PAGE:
What about your living arrangements?
Many rentals and communities either ban or restrict dog ownership. Do you have an outdoor space for your dog to play and burn off excess energy? If not, are you prepared to devote time to frequent dog walks?
Can your finances support dog ownership?
The cost can add up quickly. Many people don’t think about all the expenses involved. These include: license fees, Vet. bills, grooming, food, toys, training and the possible cost to repair any items your dog may destroy. Which leads to another consideration.
Are you prepared for the unexpected?
Are you prepared for chewing of household items and personal belongings, furniture and floor scratches, piddle, puddle and poo accidents on your nice carpet or shiny hardwood floors?
Do you freak out if your house is not perfect at all times?
Dogs can be messy. They don’t pick up their toys, wipe their paws or exercise any caution around breakable items. And the fur and dust does accumulate.
Anyone in your home have allergies?
Shedding dogs will aggravate this. There are breeds of dogs that are considered hypoallergenic or non-shedding but even those dogs can wreak havoc with a person that is very sensitive.
Think about any major future plans.
Having a baby or moving. Might want to wait till after these things happen to adopt your new dog. Some dogs are better with children than others.
Once the new baby has arrived, there are ways to help assure that the dog and baby are good roommates.
Finally, are you willing to make a forever commitment to your dog?
To be there when he needs you , even though it may be inconvenient, expensive and messy?
This dog adoption checklist can only serve as a guide. If you are sure about dealing with all these considerations and your commitment to see them through, dog adoption may be for you. You will have a very valued and dedicated friend in your new family addition.
Check here for further help in selecting just the right dog for you and your family.
Consider dog adoption when bringing a new pet into your family.Shelters such as the ASPCA, Humane Society and local dog rescue groups are usually overflowing with dogs needing homes.
Each day an astronomical number of dogs are put to death in shelters. The vast majority of these animals are loving gentle creatures that would be a welcome addition to any family. In fact,dog-adoption many of them were once in a family that could not or did not choose to keep them.
We have become such a throwaway society and unfortunately that mentality has extended to these helpless living beings. Can you imagine going from being a member of a family, running and playing with your favorite kids, to being confined in a small cage, hoping for even the smallest acknowledgment from someone passing by? This is an all too familiar scenario played out in shelters daily.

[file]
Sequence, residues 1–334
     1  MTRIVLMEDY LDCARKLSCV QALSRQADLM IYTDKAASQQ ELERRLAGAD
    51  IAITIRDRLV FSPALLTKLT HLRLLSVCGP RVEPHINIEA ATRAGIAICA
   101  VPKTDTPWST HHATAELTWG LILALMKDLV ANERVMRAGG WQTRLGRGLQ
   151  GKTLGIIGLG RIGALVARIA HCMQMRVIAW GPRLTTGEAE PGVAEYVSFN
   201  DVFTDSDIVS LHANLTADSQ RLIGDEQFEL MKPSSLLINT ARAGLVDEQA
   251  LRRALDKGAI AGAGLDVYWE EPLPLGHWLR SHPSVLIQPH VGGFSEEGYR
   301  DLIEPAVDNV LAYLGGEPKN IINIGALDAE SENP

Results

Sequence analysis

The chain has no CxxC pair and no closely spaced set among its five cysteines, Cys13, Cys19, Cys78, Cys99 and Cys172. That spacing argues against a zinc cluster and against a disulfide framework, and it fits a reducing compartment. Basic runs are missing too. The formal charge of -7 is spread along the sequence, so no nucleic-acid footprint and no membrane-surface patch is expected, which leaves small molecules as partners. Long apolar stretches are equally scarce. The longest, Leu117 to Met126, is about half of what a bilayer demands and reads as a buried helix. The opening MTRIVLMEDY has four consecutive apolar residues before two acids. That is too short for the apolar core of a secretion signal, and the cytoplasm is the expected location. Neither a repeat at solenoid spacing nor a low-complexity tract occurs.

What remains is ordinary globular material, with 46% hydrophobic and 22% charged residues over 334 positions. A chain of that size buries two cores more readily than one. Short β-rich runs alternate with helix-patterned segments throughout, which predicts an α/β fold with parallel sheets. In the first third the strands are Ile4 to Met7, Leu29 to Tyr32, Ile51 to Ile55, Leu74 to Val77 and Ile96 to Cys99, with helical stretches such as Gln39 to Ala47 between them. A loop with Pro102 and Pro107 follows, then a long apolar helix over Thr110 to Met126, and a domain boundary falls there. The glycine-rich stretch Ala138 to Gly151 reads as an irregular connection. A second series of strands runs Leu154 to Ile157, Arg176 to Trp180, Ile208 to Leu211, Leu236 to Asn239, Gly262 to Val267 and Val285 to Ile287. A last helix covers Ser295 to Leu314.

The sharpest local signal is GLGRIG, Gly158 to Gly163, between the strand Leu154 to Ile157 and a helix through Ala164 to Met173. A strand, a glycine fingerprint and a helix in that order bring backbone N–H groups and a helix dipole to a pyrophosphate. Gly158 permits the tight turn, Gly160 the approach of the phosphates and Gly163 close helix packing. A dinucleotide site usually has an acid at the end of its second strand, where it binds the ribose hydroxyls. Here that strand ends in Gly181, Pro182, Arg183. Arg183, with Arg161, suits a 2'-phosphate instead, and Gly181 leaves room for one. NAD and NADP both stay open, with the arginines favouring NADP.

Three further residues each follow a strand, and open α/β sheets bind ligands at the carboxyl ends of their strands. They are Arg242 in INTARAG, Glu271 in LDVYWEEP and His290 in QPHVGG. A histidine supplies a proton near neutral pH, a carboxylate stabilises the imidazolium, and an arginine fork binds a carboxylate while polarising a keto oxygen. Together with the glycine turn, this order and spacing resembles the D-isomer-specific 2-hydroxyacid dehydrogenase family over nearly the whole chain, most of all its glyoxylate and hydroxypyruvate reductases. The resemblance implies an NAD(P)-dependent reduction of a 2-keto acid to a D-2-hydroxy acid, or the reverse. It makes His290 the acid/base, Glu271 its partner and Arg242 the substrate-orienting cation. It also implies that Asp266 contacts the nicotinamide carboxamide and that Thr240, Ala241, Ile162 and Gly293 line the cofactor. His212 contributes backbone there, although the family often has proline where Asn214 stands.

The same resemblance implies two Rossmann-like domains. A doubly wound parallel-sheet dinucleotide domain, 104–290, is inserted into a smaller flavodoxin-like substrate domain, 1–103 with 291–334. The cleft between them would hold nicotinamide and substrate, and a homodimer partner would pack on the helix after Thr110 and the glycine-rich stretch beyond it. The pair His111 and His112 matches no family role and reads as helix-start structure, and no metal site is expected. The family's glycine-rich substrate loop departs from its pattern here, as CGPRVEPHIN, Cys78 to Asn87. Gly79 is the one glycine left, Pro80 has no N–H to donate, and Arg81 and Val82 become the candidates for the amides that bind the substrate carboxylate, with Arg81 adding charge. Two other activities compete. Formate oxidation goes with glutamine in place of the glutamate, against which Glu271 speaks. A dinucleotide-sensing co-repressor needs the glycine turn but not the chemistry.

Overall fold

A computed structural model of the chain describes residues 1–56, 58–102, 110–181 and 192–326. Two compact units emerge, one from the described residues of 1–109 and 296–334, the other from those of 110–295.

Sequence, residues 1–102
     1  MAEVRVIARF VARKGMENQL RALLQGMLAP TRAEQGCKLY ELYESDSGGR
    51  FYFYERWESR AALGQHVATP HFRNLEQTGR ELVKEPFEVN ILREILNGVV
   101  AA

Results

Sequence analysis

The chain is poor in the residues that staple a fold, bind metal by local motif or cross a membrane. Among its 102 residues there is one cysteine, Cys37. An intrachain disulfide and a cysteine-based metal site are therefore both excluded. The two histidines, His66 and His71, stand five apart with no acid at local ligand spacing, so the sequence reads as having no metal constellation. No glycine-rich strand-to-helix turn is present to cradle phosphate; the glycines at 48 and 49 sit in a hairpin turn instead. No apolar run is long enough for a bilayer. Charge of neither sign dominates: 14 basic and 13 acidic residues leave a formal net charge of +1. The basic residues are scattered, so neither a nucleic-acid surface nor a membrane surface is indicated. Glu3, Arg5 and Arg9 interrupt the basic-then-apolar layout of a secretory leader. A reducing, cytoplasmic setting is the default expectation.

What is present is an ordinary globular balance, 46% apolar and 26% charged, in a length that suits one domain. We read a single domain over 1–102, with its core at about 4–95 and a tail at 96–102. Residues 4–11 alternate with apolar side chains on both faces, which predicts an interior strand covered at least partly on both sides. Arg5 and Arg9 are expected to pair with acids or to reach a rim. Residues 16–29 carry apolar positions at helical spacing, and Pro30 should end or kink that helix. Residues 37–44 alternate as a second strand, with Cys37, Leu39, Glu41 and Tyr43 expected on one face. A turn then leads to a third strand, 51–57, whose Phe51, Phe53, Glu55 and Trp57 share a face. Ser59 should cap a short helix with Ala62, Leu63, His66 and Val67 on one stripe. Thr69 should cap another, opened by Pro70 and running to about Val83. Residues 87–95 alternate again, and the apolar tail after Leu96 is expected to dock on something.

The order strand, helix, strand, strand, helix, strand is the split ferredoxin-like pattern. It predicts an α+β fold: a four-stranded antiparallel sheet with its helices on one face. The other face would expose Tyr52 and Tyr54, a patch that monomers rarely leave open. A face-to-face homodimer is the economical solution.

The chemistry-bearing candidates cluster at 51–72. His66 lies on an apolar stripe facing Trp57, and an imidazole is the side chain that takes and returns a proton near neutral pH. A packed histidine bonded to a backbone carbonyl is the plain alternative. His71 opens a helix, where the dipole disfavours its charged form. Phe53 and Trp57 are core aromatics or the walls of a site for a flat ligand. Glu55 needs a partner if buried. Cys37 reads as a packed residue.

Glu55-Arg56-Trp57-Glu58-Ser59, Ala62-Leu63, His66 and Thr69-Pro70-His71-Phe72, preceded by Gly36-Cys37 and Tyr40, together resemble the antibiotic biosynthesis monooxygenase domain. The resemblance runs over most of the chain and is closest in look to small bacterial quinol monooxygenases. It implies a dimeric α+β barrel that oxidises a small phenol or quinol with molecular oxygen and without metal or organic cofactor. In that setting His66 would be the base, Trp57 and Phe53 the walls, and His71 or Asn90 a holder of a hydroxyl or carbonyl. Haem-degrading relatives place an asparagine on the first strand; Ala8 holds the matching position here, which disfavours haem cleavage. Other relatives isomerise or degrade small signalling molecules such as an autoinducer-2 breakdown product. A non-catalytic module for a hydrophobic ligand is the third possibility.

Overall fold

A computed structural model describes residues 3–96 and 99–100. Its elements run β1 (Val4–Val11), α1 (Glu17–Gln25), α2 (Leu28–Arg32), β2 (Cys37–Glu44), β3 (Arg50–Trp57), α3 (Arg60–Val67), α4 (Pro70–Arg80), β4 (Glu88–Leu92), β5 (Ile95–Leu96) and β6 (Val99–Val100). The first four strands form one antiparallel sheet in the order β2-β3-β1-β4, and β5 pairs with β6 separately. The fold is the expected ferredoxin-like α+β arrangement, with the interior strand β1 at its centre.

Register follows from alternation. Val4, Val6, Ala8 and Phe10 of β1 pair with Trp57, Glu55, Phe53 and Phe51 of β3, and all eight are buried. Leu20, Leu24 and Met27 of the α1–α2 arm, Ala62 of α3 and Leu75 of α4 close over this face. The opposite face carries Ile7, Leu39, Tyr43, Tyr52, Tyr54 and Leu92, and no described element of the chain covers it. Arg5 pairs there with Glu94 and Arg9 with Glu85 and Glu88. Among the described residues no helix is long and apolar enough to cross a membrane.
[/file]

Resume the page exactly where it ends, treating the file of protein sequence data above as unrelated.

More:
Some shelters are truly wonderful. They are no-kill and do their best to provide plenty of food, water, shelter and love. But, even these shelters can only do so much. And, they cannot take the place of a loving forever family of one’s own. Many have limited resources, both financial and human. Please support these deserving groups with your donations of time and money as well as spreading the word about their good works.
The ASPCA, Humane Society of the United States and Best Friends are all wonderful examples on a national level. Dog adoption is a top priority. There are also many regional and local groups run by compassionate people that selflessly devote their time and resources to make life better for homeless and neglected animals.
Unfortunately,for every good shelter, there are many more undesirable ones. Many of these lack the funding and even the compassion to do better. Also, many are supported by local government funding and thus are restricted by guidelines which include the number of animals that can be housed at any one time. Without space, something has to
And that something is usually euthanasia – a term simply referring to being put to death. Sugarcoating it as ‘being put to sleep’, is simply that, sugarcoating. Some people deal with their guilt that way but plain and simple, it is killing a helpless creature often because they have become a bother. Euthanasia methods range from decompression chambers and gas to lethal injection. Even the injection, which is by far the most humane, is not without it’s cruelties. The dog is scared, alone and unloved in it’s last moments. A creature with so much capacity to love is not allowed that luxury in it’s final moments on earth.
If you are thinking of adopting, take a look at our dog adoption checklist, then visit your local shelter. There you will find an enormous selection of new best friends. Whether you decide on a small dog, medium dog, large dog or even one of the extra large dog breeds, you can find them through a dog rescue group. Give one of these wonderful shelter dogs a new chance at life and add a blessing to your family.